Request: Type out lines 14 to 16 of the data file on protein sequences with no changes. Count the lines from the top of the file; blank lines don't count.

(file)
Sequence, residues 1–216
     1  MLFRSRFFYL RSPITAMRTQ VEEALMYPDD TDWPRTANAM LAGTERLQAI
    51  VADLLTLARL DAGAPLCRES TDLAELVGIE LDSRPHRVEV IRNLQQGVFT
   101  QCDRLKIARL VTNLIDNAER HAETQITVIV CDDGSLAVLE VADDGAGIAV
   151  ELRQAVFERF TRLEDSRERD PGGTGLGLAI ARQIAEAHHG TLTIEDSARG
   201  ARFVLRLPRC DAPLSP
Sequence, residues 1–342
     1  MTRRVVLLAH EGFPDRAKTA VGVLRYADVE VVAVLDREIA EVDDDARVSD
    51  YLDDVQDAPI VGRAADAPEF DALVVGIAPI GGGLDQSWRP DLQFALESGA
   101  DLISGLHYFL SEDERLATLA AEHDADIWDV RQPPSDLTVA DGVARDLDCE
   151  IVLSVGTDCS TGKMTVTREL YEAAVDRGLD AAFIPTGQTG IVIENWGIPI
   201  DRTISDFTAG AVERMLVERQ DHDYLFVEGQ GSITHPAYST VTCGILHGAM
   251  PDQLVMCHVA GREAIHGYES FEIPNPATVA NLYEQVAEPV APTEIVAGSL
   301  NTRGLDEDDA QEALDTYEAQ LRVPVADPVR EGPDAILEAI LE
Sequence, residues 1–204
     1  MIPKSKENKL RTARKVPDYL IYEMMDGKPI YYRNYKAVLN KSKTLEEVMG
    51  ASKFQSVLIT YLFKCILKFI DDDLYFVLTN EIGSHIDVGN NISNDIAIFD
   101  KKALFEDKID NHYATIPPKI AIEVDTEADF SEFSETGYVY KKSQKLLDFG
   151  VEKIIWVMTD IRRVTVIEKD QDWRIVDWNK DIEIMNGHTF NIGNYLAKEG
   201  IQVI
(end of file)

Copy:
   301  NTRGLDEDDA QEALDTYEAQ LRVPVADPVR EGPDAILEAI LE
Sequence, residues 1–204
     1  MIPKSKENKL RTARKVPDYL IYEMMDGKPI YYRNYKAVLN KSKTLEEVMG